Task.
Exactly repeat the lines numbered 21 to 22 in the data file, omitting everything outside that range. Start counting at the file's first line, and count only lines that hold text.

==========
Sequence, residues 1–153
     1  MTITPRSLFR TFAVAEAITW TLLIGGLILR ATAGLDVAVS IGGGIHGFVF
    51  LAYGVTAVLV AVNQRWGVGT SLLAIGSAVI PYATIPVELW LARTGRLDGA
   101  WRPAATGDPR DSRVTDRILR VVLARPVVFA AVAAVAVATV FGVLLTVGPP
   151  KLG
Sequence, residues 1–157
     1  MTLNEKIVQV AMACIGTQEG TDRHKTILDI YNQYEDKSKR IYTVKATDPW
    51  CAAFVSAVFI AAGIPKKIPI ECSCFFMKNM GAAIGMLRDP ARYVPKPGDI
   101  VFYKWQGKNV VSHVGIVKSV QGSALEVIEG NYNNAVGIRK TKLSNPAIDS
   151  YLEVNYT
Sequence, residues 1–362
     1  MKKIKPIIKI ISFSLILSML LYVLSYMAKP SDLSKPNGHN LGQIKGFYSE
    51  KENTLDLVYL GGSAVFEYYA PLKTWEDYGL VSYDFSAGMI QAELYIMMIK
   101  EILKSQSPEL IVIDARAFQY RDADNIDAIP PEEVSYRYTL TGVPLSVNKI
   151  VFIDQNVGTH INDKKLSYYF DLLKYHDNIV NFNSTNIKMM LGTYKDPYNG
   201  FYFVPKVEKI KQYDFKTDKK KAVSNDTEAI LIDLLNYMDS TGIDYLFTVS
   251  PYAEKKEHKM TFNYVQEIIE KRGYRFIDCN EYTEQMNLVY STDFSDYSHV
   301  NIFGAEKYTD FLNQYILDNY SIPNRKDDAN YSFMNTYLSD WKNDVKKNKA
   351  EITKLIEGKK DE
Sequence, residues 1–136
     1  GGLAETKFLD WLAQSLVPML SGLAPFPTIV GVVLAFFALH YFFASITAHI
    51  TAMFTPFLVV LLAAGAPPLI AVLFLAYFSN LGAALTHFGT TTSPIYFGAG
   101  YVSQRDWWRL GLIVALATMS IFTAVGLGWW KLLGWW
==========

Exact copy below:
     1  GGLAETKFLD WLAQSLVPML SGLAPFPTIV GVVLAFFALH YFFASITAHI
    51  TAMFTPFLVV LLAAGAPPLI AVLFLAYFSN LGAALTHFGT TTSPIYFGAG